All patients receiving renal replacement therapy in the United Kingdom in 2005 (chapter 4)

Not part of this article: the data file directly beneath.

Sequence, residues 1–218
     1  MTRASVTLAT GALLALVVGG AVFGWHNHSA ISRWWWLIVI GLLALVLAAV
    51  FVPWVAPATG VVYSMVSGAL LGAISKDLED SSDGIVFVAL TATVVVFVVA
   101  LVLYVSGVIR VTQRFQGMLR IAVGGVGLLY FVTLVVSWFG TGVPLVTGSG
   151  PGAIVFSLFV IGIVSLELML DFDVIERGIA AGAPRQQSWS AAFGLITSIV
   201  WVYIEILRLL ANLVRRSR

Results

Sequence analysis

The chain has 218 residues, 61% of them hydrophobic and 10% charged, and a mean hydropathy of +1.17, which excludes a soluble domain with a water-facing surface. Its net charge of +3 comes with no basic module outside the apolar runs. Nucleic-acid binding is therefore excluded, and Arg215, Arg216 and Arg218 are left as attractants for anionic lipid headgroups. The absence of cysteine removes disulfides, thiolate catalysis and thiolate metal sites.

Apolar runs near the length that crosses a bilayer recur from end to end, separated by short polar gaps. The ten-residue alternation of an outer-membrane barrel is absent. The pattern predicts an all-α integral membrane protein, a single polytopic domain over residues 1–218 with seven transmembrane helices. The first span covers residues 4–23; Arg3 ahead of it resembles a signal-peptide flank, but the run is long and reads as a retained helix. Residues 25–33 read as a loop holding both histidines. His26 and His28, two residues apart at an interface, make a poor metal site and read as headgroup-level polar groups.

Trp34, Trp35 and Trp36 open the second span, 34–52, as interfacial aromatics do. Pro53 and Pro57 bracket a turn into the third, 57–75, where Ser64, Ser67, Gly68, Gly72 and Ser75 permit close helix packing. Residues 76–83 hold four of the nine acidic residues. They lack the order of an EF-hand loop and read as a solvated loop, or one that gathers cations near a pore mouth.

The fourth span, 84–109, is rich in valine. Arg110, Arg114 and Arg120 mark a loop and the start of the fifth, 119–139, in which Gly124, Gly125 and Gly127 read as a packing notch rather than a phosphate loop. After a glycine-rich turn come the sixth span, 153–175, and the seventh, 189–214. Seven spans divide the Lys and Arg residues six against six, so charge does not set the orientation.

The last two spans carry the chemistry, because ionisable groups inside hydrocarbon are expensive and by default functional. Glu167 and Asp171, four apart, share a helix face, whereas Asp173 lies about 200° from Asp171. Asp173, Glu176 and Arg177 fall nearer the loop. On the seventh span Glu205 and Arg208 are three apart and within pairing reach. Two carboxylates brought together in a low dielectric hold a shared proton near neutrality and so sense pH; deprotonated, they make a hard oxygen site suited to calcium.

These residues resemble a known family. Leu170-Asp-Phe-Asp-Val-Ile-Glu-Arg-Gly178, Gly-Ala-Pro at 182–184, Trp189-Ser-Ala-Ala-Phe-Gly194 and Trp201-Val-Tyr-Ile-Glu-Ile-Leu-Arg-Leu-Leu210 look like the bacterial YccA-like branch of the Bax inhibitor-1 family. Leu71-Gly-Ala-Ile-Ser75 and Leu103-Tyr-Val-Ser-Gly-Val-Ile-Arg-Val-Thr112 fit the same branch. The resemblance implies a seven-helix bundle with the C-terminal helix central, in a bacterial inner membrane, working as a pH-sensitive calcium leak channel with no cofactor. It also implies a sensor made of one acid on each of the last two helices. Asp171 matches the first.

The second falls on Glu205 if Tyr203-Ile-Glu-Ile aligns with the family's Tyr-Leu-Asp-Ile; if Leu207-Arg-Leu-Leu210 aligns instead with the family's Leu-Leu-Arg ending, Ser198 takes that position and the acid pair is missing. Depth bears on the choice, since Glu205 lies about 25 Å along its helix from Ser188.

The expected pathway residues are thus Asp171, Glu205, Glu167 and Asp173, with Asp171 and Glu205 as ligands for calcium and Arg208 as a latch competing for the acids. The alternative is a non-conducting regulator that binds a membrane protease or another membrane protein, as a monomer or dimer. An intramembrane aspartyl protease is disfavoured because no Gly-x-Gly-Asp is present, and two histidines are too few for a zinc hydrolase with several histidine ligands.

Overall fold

Summary data are provided for the whole United Kingdom. There were 41 776 adult patients alive on renal replacement therapy (RRT) in the UK at the end of 2005, a prevalence for adults of 694 pmp. Addition of 748 children under the age of 18 on RRT gives a total prevalence of 706 pmp. The more detailed analysis includes data on 37 534 patients from 65 of the 70 units which returned detailed data to the Registry: all in Northern Ireland, Scotland and Wales, and 45 of the 50 units in England. The annual increase in prevalence in the 38 renal units participating in the Registry since 2000 was 5.0%. There is substantial variation in the crude Local Authority area prevalence from 299 pmp to 1275 pmp. In general, areas with large ethnic minority populations had high standardized prevalence ratios (SPR). Nevertheless several Local Authority areas in South Wales (Methyr Tydfil, Swansea and Rhondda/Cynon/Taff) had a higher SPR than would be predicted from the local ethnic mix. Another group in North West England (Bury, Rochdale, Oldham and Salford), had a lower SPR than expected from the local ethnic mix. The median age of prevalent patients on RRT was 56.6 years, that of patients on HD 64.5 years, PD 59.2 years and transplanted patients 49.7 years. The median vintage of the whole RRT population was 5.1 years: that of transplanted patients was 9.8 years, HD patients 2.8 years and PD patients 2.1 years. The maximal prevalence rate (SPR) occurred in men (2270 pmp) in the 75–79-year age band and women (1144 pmp) in the 65–74-year age band. Of RRT patients in the UK, 45% had a transplant, 41.7% were on centre-based haemodialysis and 12% on peritoneal dialysis. The proportion of patients on home haemodialysis remained very small (1.2%) in spite of the recent NICE guidelines. The haemodialysis population is continuing to expand, mainly through growth in the proportion of patients undergoing dialysis in satellite units. The peritoneal dialysis population is continuing to contract in spite of the small but progressive rise in automated PD. The most common identifiable diagnosis in those under 65 was glomerulonephritis (18.0%) and in those over 65 it was diabetes (13.4%). One-year survival rates of prevalent patients in the different centres contributing to the UK Renal Registry are presented. The centres agreed to remove anonymity. There is no evidence of any significant differences in survival of prevalent patients between UK centres. The one-year survival of prevalent dialysis patients increased significantly from 1998 to 2004 in England (83.3% to 87.1% P = 0.0001 for linear trend), Scotland (84.0% to 87.0% P = 0.023 for linear trend) and Wales (83.4% to 86.1% P = 0.027 for linear trend). The test for non-linearity in this trend (indicating that there has been a large increase which is now tailing off) was significant for England and Wales.